Long hailed as a supreme example of American city planning, Monument Avenue is home to some of Richmond, Virginia's, most prestigious houses and distinguished architecture--and to the unique procession of statues from which the street takes its name. Initially planned in 1890 around a memorial to Robert E. Lee, over the next four decades the avenue evolved into a parade of statues honoring heroes of the Confederacy. In the mid-1990s, however, the dedication of a controversial memorial to African American tennis player Arthur Ashe signaled that Monument Avenue's meaning had broadened beyond commemorating the Lost Cause.
This book traces the history of Monument Avenue, of its buildings and statuary, and of the people who helped create one of America's great streets. Enriched by more than three hundred photographs, plans, and drawings, it chronicles the avenue's development, captures architectural details and city preservation efforts, and places the avenue's story in local, regional, and national context.
Built to reflect the hopes and attitudes of Richmonders at the turn of the last century, Monument Avenue exists nearly intact today as the centerpiece of a flourishing neighborhood, even as its meaning continues to be redefined.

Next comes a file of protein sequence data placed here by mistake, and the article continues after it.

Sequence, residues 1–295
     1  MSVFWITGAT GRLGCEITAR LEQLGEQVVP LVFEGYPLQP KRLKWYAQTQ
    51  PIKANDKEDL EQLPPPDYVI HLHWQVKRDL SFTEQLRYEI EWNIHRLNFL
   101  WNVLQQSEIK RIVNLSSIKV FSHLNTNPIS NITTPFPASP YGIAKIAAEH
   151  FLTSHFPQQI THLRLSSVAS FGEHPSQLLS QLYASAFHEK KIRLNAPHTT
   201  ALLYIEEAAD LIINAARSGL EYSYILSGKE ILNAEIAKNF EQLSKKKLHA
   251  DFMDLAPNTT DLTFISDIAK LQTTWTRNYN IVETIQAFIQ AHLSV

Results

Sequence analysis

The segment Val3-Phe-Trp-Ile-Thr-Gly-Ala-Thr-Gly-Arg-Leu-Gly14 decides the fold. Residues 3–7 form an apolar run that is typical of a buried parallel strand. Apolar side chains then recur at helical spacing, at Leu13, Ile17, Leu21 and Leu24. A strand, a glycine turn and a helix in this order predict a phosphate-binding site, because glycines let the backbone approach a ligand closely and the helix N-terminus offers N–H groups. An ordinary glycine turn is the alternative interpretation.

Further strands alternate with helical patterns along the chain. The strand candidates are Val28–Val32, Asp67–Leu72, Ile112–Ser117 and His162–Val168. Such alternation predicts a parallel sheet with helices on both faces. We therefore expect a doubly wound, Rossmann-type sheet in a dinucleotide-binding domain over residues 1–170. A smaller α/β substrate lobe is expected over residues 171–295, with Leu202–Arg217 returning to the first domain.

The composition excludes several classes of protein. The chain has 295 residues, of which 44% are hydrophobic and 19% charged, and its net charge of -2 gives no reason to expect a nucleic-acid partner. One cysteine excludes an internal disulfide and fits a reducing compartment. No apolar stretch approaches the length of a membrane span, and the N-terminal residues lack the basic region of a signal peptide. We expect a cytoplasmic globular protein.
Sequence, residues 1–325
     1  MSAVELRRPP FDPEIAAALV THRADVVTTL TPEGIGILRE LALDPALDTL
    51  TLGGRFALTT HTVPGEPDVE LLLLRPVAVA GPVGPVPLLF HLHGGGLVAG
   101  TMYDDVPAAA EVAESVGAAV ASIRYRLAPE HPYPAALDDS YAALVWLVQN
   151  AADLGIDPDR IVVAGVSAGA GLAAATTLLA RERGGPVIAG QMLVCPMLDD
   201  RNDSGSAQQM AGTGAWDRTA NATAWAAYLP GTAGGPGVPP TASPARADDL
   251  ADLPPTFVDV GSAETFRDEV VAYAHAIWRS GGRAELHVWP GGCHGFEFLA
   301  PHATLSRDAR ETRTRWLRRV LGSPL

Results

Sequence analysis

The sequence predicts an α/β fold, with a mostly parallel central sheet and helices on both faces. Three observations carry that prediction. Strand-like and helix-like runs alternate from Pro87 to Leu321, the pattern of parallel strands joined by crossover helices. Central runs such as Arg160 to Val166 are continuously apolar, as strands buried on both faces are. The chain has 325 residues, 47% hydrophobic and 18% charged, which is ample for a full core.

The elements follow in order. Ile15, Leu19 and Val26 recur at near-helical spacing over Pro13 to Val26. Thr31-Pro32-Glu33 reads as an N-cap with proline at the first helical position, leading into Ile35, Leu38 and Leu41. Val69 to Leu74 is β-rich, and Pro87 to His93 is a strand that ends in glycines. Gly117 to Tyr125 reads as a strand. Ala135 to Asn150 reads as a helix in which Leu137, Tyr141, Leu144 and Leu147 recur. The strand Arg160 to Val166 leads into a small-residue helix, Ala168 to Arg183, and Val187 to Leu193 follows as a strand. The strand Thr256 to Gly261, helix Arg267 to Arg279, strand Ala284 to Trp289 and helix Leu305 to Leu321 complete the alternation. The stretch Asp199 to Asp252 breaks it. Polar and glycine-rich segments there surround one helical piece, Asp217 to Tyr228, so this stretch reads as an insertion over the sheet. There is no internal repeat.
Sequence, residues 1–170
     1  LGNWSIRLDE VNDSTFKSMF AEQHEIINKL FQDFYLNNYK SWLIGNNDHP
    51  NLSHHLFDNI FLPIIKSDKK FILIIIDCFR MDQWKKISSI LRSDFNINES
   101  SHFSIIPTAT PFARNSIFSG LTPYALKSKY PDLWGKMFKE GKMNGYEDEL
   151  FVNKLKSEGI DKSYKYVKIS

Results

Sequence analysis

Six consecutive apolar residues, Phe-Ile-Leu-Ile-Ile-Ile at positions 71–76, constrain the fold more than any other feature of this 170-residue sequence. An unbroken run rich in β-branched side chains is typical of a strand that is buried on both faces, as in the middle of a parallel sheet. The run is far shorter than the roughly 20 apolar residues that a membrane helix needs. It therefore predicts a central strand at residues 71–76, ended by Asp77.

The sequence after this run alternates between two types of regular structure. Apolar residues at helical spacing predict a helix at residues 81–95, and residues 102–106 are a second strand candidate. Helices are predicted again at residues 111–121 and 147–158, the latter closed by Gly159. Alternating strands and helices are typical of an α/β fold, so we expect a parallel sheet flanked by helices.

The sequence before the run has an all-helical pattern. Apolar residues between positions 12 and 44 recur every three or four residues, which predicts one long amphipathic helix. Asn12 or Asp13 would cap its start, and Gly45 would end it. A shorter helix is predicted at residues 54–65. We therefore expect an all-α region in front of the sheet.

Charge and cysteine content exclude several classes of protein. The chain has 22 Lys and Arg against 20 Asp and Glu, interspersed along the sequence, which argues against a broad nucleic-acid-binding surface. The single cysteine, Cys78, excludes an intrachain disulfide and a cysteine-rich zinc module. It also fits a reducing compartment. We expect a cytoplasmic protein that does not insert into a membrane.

|Publisher:||The University of North Carolina Press|
|Product dimensions:||6.12(w) x 9.25(h) x 1.13(d)|
About the Author
Richard Guy Wilson is chair and Commonwealth Professor of Architectural History at the University of Virginia in Charlottesville.
Robert P. Winthrop is an architect in Farmville, Virginia.
Most Helpful Customer Reviews
I love this book. Monument Avenue is the most beautiful street in Richmond. My favorite buildings on Monument are Grace Covenant Presbyterian Church and the Branch House. It was wonderful to finally find several pictures of both the interior and exterior of those lovely buildings and to find out more information about them. I do not belong to Grace Covenant because I am not Presbyterian but it is such a beautiful church I have gone to their Candlelight Carol Service for several years now. I love the architectural similarities between Branch House and Grace Covenant.